Assuming Trump does follow through next week, his news conference drought will end at 168 days — a staggeringly long stretch for a man who once constantly held court with reporters and seemed to view the interactions as a kind of sport.
It is also a rather prolonged hiatus for a politician who routinely mocked his opponent, Hillary Clinton, for her own reluctance to participate in news conferences. During one dry spell, Clinton went 275 days (or 277, depending on who's counting) between news conferences.
Trump will be 61 percent of the way to Clinton's ignominious total by next Wednesday.
The numbers are less important than what they represent — a turn away from the accessibility that characterized Trump's early candidacy and a move toward evasiveness. Beyond his unwillingness to hold a prolonged question-and-answer session with reporters, Trump also has granted few interviews since Election Day, ditched his traveling press corps on multiple occasions and made no promises about preserving such White House traditions as the daily media briefing and the protective press pool.
On New Year's Eve, for example, Trump decided on a whim to play golf at his course in Jupiter, Fla. Reporters were not told about the excursion and did not know where the incoming president was until a golfer posted a photo on Twitter — an unsettling feeling for journalists assigned to cover Trump's every movement.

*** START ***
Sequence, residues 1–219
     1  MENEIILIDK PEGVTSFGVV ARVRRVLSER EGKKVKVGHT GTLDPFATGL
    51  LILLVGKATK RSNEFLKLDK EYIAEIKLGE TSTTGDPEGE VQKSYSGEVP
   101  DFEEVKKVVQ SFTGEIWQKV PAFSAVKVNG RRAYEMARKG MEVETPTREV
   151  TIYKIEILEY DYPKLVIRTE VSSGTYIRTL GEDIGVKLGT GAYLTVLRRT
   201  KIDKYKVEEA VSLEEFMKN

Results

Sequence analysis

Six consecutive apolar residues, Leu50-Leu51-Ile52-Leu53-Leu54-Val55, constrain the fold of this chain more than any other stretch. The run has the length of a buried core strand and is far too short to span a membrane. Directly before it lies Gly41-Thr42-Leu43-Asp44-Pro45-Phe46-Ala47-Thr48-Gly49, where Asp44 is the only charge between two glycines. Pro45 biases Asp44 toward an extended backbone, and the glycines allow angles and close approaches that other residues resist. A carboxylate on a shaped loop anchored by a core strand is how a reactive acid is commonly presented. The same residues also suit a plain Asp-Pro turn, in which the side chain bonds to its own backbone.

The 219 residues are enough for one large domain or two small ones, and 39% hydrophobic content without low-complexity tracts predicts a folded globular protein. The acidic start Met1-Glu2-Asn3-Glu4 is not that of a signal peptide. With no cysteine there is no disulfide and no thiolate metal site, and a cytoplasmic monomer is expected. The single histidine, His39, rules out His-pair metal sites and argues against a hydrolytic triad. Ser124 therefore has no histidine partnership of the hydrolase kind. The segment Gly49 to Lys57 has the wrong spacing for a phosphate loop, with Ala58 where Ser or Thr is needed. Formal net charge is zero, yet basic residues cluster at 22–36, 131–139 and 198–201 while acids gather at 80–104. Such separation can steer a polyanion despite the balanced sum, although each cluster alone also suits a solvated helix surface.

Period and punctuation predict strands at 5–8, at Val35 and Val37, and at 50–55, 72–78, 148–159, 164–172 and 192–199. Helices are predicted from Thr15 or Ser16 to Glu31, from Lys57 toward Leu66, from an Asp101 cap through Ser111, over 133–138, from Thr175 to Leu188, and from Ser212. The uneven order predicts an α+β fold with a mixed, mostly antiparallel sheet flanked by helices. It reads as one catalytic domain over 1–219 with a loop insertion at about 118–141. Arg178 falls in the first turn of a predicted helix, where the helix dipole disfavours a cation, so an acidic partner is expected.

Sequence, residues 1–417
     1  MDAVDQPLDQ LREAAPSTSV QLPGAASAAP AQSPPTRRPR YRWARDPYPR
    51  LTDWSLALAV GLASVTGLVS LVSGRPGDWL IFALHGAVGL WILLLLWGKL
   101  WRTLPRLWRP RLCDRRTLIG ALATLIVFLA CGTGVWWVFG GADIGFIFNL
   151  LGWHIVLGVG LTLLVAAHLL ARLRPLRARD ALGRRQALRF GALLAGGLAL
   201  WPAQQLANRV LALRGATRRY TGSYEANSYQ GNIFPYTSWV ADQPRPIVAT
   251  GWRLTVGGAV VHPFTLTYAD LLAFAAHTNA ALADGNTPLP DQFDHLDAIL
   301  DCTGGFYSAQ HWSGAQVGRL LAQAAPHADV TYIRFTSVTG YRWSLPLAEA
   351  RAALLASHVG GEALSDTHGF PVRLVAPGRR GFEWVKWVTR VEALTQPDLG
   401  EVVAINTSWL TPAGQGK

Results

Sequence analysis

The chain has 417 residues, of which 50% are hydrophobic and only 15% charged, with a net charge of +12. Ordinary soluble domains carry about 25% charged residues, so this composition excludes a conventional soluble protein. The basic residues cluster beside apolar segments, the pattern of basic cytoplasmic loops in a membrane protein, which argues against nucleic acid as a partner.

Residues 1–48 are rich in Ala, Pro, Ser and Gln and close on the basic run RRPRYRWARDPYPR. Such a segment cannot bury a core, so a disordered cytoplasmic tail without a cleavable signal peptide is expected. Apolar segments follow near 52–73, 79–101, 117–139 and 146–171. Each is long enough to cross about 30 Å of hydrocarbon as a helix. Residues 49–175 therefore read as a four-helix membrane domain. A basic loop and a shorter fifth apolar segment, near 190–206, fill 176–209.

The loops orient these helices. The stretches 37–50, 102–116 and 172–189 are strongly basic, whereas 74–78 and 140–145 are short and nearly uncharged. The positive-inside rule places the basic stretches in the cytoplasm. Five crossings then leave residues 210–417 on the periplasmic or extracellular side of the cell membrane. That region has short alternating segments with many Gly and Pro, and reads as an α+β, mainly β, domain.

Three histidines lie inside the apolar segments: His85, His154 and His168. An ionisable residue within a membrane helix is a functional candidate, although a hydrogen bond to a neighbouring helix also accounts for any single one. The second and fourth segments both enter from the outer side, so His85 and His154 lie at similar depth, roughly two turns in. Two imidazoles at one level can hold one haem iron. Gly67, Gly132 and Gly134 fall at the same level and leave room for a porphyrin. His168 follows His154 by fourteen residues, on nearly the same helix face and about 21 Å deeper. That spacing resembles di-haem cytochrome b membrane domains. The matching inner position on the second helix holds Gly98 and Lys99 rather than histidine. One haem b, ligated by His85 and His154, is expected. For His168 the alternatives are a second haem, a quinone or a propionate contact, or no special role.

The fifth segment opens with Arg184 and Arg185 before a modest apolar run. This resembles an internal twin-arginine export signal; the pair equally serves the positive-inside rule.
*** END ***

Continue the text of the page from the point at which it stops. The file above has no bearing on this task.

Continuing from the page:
Transition team aide Stephanie Grisham told reporters that she and other Trump staffers did not know about the golf outing, either. As if that should make journalists feel better.
Trump's team has not announced a time or venue for next week's news conference, which may or may not actually happen. The noncommitment and lack of details serve as reminders that Trump wields tremendous power, when it comes to media access. He doesn't have to hold news conferences, grant interviews or allow reporters to travel with him.
Even when it appears that Trump is about to give journalists something they want, he does it in a way that highlights his preference for appearing to maintain control.